Guess what, it is June, Jeff Samardzija is struggling once again and it is bad timing for both Samardzija and the Cubs.
The Cubs and Samardzija spent the off-season trying to work out a contract extension. The Cubs value what Samardzija brings to the table and Samardzija said he wanted to stay with the team. However, the Cubs and Samardzija could not reach a middle ground on an extension. The two sides are believed to be $25-30 million apart on a five-six year contract extension. And many think the Cubs could be looking at a deal similar to the one Homer Bailey inked with the Reds (six years, $105 million), plus some kind of no-trade protection, in order to extend his contract.
While the Cubs were believed to be discussing an extension with Mark Rodgers, Samardzija’s agent, the front office was listening to offers for Jeff Samardzija during the off-season, but was not offered the right package of prospects. Theo Epstein and Jed Hoyer will not give Samardzija away. Samardzija has one more year of control left on his contract after this season and his last year of salary arbitration will not break any team’s budget.
Once the season started, it was believed at the time that extension talks with Samardzija were over and he would be traded at some point before the July 31 deadline. As it turns out, Jeff Samardzija and the Cubs have reportedly not cut off contract talks, and while the chance is slim the two sides could work out an extension, there is still a chance. But it takes two sides to be willing to work out a deal and based on comments Samardzija made during the first two months of the season, he is looking forward to testing free agency and he feels he is obligated to future big league players not to sign a contract extension for less than what he would receive in free agency.
So if the Cubs and Samardzija cannot work out a deal, the front office must maximize his value and try to land the best package of young pitchers (plus other prospects), as possible for the team’s biggest trading chip.
Jeff Samardzija spent the off-season and Spring Training saying he is a top of the rotation starter. And he performed as one, again, for the first two months of the season. Think about it, while too much was being made in the mainstream media about his win-loss record, questions were being made if a pitcher without a win could start the All-Star game. It could be argued, Samardzija was the best pitcher in the National League in April and May.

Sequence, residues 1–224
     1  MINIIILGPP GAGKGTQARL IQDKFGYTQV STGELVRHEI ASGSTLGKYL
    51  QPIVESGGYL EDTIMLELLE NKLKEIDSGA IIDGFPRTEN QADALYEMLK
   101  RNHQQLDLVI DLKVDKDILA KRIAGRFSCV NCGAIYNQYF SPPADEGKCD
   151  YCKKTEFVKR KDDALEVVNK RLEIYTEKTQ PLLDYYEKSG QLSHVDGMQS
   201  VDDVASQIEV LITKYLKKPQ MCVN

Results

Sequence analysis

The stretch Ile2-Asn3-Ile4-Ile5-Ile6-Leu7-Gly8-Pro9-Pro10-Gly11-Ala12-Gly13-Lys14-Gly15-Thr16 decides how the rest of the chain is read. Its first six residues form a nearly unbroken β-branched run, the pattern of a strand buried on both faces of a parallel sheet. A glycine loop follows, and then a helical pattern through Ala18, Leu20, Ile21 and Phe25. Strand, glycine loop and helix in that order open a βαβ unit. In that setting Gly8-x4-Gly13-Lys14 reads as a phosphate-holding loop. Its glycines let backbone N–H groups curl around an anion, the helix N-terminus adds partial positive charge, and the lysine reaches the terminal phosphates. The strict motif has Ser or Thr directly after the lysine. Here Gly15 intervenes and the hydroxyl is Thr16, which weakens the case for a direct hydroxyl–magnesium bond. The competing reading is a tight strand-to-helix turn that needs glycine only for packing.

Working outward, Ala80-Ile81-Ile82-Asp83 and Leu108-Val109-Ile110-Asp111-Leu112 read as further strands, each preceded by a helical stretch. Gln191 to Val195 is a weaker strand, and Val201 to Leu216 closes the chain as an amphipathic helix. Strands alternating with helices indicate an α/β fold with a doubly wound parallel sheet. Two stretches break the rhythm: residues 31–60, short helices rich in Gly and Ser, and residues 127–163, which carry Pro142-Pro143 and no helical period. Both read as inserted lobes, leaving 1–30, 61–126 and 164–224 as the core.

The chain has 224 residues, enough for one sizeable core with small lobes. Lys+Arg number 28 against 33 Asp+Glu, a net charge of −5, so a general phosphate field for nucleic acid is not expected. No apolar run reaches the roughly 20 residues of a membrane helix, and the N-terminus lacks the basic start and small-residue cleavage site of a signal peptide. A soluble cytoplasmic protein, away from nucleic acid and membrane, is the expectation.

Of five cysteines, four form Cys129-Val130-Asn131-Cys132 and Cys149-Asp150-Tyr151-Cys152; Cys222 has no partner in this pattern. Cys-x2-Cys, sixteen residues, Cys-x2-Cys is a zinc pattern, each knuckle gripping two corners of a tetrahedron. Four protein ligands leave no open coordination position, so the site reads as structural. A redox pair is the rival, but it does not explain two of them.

Over his first five starts, Samardzija allowed 11 runs, nine earned on 33 hits with 11 walks and 28 strikeouts in 34 innings (2.38 ERA, 1.29 WHIP). Samardzija cut down the free passes, was pitching more to contact and more importantly, deeper into games. Samardzija completed at least seven innings in each of his first five starts and six of his first seven.
Samardzija followed up his first month of the season with a sensational May. In five starts, Samardzija gave up nine runs, five earned, on 21 hits with eight walks and 33 strikeouts in 34 innings (1.32 ERA and a 0.85 WHIP). Only one baseball left the park off of Samardzija in May and he limited teams to a .174 batting average. And while he was putting up the numbers, he was pitching with confidence as well as dealing with the constant trade talk and rumors.
Then he took the mound in Milwaukee on June 1.
Jeff Samardzija was shelled like the Brewers knew what he was going to throw before he made the pitch. Samardzija bounced back, somewhat, in his start against the Marlins before the Pirates pounded the baseball Thursday night. While four runs in six innings is not that bad, six of nine hits going for extra bases and a single to right that was hit so hard that Andrew McCutchen could not score from second base is not good. Samardzija has allowed 14 runs on 22 hits with five walks and 18 strikeouts in 16 innings over his last three starts (7.88 ERA, 1.69 WHIP) while the Brewers, Marlins and Pirates have hit .338 against him. And this is a reoccurring theme for Samardzija over the course of his career.
June has by far been Samardzija’s worst month throughout his big league career. In June of 2012, after putting up solid numbers in April and excellent numbers in May, Samardzija allowed 27 runs on 33 hits with 15 walks and 20 strikeouts in 23 1/3 innings (10.41 ERA, 2.06 WHIP). Last year, Samardzija started the season strong before dipping in June again. Samardzija allowed 20 runs, 19 earned, on 47 hits with 13 walks and 40 strikeouts in 40 2/3 innings (4.20 ERA, 1.48 WHIP). The slide in June led to a bad second half in which he allowed 48 runs, 47 earned, on 93 hits with 34 walks and 86 strikeouts (4.72 ERA, 1.42 WHIP). Samardzija showed signs of a number one pitcher after the break, but for every good start he had, there was one equally as bad if not worse.
Jeff Samardzija said he learned a lot last year during his first full season in a big league rotation. But Thursday night’s start in Pittsburgh looked all too familiar. Samardzija appeared to be trying to blow hitters away again. He was pitching, not throwing, in April and May.
Whether the front office trades Jeff Samardzija or not this summer, or decides to try to extend his contract again, Samardzija needs to pitch better that he has over his last three games and show those starts are exceptions and not the standard. Because neither Samardzija nor the Cubs will benefit from another June swoon.